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Airsoft for defensive shooting practice: good idea or a waste of time?

Airsoft for defensive shooting practice: good idea or a waste of time?

A question I’m frequently asked regards the value of non-firearm projectile launchers like Airsoft and BB guns as training devices for defensive shooting. This is a discussion that doesn’t lend itself to soundbites; there are some important principles which need to be understood to be able to gauge, for yourself, the value of any non-firearm alternatives.

When we talk about the physical skills of defensive shooting we’re talking about things like drawing the gun, getting it indexed on target, manipulating the controls on the gun to get it into a condition to fire, controlling deviation at the muzzle, pressing the trigger without inducing further deviation, and following through so that we can fire additional rounds if we recognize the need to do so. Are the non-firearms alternatives useful for practicing any of those skills?

To a certain extent they are, but the application may be more limited than you might think.

For instance, getting the gun out of the holster safely and efficiently is certainly a skill which you need to practice. Anything — even a completely non-functional dummy gun — will suffice for that use, as long as it is of a similar configuration to the gun you actually carry. Likewise getting the gun indexed on target, whether you’re using the sights or not, is easily and effectively done when using an Airsoft pistol. Manipulating the controls as part of your response, again as long as they’re similar to your real gun, can also be beneficially achieved with a non-firearm.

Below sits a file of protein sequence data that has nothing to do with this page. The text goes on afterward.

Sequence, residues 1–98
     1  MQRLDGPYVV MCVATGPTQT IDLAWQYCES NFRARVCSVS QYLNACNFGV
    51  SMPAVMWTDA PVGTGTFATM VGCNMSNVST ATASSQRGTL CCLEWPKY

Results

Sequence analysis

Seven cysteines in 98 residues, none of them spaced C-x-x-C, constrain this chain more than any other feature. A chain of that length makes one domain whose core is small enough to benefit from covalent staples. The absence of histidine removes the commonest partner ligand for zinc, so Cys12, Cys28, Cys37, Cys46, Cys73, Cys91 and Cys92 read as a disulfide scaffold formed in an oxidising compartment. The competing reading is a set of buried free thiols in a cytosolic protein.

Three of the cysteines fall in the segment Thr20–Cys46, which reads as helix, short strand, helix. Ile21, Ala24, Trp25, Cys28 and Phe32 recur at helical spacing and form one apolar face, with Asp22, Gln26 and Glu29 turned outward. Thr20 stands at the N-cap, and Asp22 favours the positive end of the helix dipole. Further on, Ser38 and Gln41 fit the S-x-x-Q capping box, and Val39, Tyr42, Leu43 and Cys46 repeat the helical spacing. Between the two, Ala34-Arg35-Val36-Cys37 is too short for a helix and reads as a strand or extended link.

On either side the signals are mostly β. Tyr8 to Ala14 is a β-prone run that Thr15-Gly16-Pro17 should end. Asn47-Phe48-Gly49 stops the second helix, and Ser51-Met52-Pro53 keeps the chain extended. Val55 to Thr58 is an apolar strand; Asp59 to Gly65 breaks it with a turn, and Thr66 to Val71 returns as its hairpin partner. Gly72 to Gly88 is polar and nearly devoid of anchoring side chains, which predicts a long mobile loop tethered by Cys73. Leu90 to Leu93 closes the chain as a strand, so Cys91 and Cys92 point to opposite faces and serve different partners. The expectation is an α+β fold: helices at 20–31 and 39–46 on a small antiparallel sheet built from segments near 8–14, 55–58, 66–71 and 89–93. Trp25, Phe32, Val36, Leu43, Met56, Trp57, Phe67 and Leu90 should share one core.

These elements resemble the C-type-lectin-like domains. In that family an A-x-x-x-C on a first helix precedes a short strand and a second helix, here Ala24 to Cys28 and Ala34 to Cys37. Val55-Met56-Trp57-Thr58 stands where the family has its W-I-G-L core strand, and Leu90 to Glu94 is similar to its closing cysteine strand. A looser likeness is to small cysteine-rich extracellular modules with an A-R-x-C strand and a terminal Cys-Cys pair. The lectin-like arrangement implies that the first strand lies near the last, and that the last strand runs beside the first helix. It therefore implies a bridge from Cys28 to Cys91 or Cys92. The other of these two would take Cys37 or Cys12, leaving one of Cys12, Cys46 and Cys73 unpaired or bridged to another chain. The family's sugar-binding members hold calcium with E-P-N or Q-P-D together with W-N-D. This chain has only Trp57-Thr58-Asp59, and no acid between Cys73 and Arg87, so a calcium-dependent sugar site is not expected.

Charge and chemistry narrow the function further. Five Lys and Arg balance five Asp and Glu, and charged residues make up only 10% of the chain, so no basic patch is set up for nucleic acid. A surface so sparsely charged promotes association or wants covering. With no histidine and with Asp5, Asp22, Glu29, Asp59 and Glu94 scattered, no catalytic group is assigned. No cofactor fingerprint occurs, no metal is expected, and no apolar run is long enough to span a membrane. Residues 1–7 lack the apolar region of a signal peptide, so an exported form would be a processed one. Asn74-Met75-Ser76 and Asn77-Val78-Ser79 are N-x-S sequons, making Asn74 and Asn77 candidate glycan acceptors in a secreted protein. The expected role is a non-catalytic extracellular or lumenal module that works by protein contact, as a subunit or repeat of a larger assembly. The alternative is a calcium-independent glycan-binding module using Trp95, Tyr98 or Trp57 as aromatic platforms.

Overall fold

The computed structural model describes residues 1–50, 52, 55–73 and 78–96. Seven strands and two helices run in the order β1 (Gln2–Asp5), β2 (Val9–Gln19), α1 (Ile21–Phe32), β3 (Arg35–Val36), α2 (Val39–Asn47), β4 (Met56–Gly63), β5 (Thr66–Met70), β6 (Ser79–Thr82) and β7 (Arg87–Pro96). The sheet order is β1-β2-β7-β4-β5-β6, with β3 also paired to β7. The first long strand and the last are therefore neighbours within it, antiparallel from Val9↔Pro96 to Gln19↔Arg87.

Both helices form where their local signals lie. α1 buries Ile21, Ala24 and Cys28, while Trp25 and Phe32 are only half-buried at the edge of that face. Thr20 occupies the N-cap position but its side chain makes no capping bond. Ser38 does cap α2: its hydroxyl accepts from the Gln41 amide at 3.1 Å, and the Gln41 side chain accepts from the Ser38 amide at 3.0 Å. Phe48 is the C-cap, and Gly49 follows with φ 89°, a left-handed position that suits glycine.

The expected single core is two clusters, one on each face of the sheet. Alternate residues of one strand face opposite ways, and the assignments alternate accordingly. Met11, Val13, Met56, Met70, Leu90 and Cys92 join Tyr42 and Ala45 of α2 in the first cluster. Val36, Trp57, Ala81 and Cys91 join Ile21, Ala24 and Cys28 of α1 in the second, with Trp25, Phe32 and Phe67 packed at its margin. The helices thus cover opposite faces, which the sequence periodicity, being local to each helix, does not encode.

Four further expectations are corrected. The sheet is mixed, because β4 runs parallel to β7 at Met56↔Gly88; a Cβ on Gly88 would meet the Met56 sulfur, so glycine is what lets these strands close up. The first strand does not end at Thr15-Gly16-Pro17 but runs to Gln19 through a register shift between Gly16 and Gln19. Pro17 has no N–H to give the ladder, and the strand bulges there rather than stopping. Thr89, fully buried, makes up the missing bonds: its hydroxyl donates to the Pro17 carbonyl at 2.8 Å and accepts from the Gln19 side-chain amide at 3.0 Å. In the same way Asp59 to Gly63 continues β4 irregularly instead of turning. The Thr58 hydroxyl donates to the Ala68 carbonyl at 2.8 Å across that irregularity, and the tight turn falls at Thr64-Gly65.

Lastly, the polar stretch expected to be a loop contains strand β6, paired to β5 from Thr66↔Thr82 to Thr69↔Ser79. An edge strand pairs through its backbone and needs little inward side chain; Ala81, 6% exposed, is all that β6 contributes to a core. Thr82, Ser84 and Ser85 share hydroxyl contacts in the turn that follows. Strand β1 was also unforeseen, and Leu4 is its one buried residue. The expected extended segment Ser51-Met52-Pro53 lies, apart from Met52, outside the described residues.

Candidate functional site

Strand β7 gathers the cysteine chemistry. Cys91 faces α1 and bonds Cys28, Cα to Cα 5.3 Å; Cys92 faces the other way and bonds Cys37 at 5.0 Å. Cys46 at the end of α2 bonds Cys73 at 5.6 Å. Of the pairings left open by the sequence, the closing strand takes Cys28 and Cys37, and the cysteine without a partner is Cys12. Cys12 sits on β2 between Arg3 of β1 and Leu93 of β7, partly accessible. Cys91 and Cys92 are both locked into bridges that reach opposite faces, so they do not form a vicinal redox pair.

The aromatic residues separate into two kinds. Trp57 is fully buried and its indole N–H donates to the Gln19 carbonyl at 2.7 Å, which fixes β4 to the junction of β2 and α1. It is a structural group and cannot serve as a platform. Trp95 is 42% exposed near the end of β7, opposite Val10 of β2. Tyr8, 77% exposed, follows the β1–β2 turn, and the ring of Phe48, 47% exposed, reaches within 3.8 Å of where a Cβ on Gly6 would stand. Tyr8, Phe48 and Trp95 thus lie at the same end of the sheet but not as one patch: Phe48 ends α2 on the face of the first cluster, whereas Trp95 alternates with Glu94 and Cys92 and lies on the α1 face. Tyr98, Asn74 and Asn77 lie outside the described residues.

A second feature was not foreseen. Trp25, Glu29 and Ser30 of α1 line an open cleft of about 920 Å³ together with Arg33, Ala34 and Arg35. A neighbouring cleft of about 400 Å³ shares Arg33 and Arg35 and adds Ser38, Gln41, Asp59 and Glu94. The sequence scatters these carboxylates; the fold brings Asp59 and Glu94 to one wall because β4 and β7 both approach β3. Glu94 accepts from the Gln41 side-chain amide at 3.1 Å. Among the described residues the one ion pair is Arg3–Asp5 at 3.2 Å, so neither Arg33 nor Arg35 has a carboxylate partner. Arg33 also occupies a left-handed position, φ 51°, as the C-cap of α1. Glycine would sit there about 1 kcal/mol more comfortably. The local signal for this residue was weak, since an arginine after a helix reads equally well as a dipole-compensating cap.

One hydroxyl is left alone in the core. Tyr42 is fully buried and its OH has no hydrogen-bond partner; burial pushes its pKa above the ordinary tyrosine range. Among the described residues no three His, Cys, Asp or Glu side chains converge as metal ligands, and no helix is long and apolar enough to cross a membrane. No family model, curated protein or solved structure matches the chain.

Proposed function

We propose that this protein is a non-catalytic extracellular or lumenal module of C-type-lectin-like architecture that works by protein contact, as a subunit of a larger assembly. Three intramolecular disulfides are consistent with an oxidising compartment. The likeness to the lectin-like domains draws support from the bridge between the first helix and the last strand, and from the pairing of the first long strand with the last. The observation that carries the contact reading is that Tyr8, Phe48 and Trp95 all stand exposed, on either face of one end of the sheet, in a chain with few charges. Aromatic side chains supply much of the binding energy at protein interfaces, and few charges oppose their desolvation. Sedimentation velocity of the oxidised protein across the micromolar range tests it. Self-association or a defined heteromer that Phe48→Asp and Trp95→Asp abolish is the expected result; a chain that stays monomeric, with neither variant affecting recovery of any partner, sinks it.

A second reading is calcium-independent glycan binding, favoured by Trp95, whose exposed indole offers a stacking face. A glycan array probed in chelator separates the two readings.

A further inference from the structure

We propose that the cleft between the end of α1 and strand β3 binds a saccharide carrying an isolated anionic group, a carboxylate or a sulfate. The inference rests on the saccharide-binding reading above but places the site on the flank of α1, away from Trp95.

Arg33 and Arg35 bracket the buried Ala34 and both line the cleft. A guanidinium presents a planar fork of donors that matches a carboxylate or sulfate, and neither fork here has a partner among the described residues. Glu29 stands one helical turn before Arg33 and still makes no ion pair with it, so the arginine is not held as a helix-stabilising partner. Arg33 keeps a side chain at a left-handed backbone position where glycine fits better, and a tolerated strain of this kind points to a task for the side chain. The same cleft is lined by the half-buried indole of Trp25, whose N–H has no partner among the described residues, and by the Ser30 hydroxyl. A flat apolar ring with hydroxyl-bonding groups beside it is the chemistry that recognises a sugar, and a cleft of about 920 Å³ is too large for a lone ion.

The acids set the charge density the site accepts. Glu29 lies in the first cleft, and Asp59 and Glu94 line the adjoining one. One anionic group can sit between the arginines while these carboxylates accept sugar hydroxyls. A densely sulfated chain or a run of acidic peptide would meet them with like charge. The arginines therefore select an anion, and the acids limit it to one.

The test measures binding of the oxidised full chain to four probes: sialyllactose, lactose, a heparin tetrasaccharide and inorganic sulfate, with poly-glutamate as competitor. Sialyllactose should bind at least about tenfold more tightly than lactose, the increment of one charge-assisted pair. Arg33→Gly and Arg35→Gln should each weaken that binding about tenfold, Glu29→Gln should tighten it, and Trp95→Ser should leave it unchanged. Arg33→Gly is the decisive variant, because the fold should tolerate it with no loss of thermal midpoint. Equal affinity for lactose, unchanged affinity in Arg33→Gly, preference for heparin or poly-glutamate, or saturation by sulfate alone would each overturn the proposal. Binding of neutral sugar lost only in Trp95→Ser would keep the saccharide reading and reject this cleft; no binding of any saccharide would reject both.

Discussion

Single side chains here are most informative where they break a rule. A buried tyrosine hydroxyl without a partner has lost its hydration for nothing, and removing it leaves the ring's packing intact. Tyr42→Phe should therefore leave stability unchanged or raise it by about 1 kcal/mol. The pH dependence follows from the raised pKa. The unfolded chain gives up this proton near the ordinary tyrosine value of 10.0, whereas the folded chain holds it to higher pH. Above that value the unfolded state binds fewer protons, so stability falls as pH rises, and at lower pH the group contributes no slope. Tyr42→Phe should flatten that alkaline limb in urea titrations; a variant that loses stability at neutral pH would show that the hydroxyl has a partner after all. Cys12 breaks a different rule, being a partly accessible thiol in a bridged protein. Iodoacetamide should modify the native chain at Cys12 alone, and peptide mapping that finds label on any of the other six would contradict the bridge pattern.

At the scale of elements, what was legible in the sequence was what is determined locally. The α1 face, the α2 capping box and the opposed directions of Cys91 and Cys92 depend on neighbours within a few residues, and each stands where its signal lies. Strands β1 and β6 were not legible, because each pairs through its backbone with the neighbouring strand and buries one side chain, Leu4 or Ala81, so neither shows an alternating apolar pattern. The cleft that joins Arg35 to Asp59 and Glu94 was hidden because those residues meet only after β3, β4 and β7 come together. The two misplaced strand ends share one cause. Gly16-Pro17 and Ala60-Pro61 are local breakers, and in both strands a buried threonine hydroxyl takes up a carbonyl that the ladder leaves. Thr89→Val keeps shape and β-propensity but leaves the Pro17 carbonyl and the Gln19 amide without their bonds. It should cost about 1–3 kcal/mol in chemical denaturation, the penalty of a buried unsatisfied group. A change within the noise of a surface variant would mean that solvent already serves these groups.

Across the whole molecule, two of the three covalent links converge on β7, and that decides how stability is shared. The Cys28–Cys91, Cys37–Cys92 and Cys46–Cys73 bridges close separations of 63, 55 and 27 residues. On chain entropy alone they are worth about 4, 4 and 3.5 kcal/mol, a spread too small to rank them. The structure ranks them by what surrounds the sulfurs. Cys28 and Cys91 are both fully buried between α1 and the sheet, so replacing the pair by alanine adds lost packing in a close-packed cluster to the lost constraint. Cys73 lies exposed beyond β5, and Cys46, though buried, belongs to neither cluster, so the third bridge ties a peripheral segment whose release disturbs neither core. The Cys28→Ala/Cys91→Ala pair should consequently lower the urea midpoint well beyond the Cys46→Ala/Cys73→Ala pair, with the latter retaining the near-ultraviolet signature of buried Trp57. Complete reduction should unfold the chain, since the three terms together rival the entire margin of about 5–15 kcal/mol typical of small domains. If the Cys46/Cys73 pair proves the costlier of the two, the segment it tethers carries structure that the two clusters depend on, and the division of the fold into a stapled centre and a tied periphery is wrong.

In fact, everything up to the breaking of the actual shot is easily and effectively trained with a firearm substitute. It’s when the shot is fired that the limitations of Airsoft and BB guns start to show themselves. Because they don’t act like real guns, and training of physical skills is affected by what you experience, you end up training yourself to expect something which doesn’t happen with a real gun. When you move to the real gun, that training you’ve done may not transfer.   Allow me to illustrate with my experience.

My real-life example

It’s very easy to shoot an Airsoft gun. Too easy, in fact. The ones I have feature triggers so light that they’d be considered quite dangerous on a real firearm, which makes trigger manipulation much less demanding than on the real thing. The result is that trigger-finger-induced gun movement is dramatically reduced, which in turn means that I don’t need to focus on maintaining a proper grasp like I would with a real gun. Even if I force myself to do it, the forgiving nature of my Airsoft “Glock 19” isn’t like my real Glock 19 and over time I find myself slipping in my commitment to treat it like the real thing.

This issue continues when the “shot” breaks. Since the Airsoft doesn’t recoil anything like a real firearm it again doesn’t require the hard grasp that the actual gun does. Yes, it’s a training and commitment issue on the part of the shooter, but even after a few rounds I find myself relaxing my hands and arms because I simply don’t need the same level of control. I’ve experienced many times when I’ve practiced one day with the Airsoft, and the next went to the range with the real Glock 19 and almost had to re-learn proper grasp and exercise control over the gun. In fact, the first few rounds out of the real firearm invariably surprise me with their force and the resulting recoil! My accuracy is awful until I settle down and commit myself to exercising the fundamentals as applied to firearms, as opposed to being applied to the Airsoft.